Page:Early Christianity in Arabia.djvu/163

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and reminded him of the glory of his ancestors, and of the lofty station to which he had attained. The king embraced him as his kinsman, and in the course of their conversation, Abdolmotalleb informed him of the coming of the prophet, and of the purpose of his mission.[1]

From amongst the captive Abyssinians, Seif had, on his accession, chosen a certain number as his own attendants and guards. These, having determined to revenge the sufferings of their enslaved countrymen, seized an opportunity, when they were attending the king to Sanaa, and suddenly rushing on him put him to death with their spears, after a reign of four years. When they had effected their purpose, the conspirators found refuge in the mountains, and the murder was retaliated on all their countrymen who were so unfortunate as to be found in Sanaa.[2] Seif was the last native king of Hamyar; after his death the kingdom was governed by Persian viceroys, the first of whom was the same Wehraz who had recovered it from the Abyssinians. He was followed in succession by Sigian, Howraz, Nousisjan, Hersjhir, and Bâdsân, who governed Yaman under Khosroës Parviz, at the time when Muhammed was by dint of arms converting the northern tribes to Islam.[3]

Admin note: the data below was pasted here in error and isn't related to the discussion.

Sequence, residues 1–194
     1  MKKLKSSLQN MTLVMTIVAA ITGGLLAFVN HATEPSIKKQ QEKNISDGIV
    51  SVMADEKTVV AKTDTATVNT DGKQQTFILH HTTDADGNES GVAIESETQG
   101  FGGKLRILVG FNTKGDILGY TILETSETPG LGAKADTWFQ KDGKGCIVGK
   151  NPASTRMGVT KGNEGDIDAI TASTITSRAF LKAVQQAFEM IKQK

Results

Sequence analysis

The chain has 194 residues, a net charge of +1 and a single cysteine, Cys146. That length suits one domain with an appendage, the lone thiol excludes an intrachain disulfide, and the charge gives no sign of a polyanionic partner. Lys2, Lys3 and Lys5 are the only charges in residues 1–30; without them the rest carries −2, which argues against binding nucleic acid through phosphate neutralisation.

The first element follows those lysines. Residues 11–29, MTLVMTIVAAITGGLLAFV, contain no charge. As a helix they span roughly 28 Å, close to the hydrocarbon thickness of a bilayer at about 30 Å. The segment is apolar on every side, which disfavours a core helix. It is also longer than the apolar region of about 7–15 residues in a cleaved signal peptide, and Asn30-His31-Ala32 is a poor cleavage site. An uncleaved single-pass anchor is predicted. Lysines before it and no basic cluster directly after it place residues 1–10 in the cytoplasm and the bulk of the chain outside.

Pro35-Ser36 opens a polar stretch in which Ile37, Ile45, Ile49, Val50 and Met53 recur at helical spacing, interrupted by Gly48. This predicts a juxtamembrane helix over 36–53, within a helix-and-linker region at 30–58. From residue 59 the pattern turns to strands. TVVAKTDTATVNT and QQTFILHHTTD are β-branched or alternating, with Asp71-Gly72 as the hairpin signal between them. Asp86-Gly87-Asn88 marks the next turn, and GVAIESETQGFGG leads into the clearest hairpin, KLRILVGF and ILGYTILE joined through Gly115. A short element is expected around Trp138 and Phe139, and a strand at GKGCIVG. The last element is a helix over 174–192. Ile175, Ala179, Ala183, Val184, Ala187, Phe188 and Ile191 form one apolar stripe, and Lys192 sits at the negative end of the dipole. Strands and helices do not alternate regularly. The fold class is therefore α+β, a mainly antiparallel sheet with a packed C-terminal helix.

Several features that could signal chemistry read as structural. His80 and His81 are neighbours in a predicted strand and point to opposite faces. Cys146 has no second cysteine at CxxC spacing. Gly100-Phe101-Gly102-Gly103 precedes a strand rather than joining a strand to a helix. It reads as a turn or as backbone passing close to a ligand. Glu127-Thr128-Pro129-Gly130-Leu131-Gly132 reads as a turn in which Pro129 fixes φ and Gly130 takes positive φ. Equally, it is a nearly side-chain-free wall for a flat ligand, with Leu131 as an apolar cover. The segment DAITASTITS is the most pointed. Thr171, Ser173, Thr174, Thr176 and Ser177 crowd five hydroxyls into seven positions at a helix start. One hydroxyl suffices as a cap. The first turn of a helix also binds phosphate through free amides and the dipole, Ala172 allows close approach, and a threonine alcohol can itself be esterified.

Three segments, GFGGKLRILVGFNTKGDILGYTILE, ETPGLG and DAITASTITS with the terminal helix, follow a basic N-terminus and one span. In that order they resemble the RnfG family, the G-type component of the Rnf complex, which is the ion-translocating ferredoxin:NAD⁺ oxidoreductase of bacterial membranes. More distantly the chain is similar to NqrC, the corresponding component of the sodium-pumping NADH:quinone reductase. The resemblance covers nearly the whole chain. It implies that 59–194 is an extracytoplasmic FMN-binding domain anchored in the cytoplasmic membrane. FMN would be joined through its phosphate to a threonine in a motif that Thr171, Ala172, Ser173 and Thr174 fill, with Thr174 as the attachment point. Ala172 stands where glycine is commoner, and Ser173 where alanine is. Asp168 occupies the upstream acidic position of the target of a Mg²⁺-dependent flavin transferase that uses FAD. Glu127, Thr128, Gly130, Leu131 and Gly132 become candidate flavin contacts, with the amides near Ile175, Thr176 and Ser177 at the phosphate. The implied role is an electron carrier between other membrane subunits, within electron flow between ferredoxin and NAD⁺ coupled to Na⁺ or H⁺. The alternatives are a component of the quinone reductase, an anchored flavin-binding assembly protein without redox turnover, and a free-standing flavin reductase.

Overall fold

1. Mesoud, pp. 152, 154.
  2. Mesoud, p. 156. Tabeir, p. 134.
  3. Mesoud, ib. Tabeir, p. 136. Hamza, p. 45. Abulefda, p. 16.